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Clobber, based on our devouring of the dessert, is that lemon curd and clotted cream hybrid dolloped on the side. The pastry was baked perfectly, and all the ingredients were top-notch. I especially liked the note of savoriness the basil sprinkle added.

Other than finding the salad a touch too bitter, our meal at Pizzeria Toro was amazing and I didn’t even try the antipasti or special ham charcuterie. I am now accepting invitations to be anyone’s dinner companion there in the future. I can’t think of a better way to while away the evening in Durham.

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Pizzeria Toro on Urbanspoon

Reviewed 6 Feb 13.

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Pie Pushers

Pie Pushers
On the go in Durham
Website
$3–$4 per slice
$6–$18 per pie

My thoughts on Pie Pushers, a mobile pizza restaurant, went up at Carpe Durham a couple of weeks ago, but I haven’t had a chance to publish them here yet. I tried them out during the Cookery’s open house, waiting in line for at least half an hour—-I was not alone in wanting to sample their food.  It almost goes without saying these days that they get as many of their ingredients as they can from NC farmers, ensuring fresh toppings whenever possible. They offer pizza by the slice or by the whole pie with a range of intriguing ingredient combinations.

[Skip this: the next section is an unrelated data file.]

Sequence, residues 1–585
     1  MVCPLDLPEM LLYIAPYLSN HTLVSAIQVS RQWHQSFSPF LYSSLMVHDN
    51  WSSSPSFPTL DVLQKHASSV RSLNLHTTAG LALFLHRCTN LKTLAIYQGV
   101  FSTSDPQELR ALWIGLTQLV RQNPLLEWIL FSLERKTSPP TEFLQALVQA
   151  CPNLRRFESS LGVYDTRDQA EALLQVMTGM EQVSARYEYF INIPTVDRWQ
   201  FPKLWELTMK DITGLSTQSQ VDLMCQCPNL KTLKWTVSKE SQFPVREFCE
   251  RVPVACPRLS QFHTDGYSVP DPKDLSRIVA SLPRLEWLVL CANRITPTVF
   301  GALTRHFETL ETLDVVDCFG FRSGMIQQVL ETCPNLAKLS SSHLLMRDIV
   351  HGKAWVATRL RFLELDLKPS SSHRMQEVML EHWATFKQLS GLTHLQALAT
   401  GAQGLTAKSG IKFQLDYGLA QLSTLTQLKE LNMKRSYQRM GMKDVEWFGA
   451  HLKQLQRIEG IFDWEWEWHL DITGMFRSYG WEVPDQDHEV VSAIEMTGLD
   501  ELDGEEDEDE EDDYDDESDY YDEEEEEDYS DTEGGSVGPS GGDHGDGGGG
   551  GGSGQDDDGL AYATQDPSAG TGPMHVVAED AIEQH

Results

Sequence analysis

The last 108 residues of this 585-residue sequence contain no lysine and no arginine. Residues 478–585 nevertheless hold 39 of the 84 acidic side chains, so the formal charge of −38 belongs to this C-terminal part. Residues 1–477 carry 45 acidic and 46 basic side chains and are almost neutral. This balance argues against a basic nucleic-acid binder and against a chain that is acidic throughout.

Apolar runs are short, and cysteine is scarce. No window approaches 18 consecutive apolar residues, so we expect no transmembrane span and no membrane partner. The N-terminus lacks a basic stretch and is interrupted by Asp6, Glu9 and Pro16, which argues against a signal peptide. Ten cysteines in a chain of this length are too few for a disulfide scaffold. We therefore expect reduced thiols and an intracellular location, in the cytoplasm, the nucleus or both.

The by-the-slice options change daily, but you can order any whole pizza you’d like to try including simple cheese or pepperoni ones. They also have a house salad and garlic knots-—those knots were going fast that evening! I didn’t try one, however. I did have two slices, starting with a pepperoni to try out their basic pie.

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Piola

Piola
1101 Environ Way
East Highway 54, Chapel Hill
Website
Pizzas and entrees: $8—$13

Piola is an Italian restaurant chain that now has 10 branches open in the US, including one in the Highway 54 East development in Chapel Hill.  It’s done in bright colors, with grey floors and a bit of a squiggly line motif.

Loud Italian pop plays in the background, which fits with the clientale I’ve seen in the restaurant ranging from frat boys to groups out for after work dinner and drinks. Piola offers pasta, salads, and calzones, but pizza is their specialty, with four different types of 12-inch pizzas (white, classic, neopolitan, and Piola’s house recipe). There any many ingredient combinations among those categories but with a lot of overlap, so the options are actually less overwhelming than they appear on the menu.

Most importantly, Piola has a great happy hour deal of a free appetizer with the purchase of an alcoholic beverage from 5 to 7 pm weekdays. Taking advantage of that special, I ordered their kiwi + strawberry caipiroska, which was excellent. My accompanying appetizer, the bruschetta, was just as good.

The bread, the same as was in the bread basket, was wonderfully soft and managed to maintain that texture even when lightly toasted. The tomatoes and olive oil were fantastic, especially with the high level of salt that brought their flavors out magnificently. More basil was called for, however.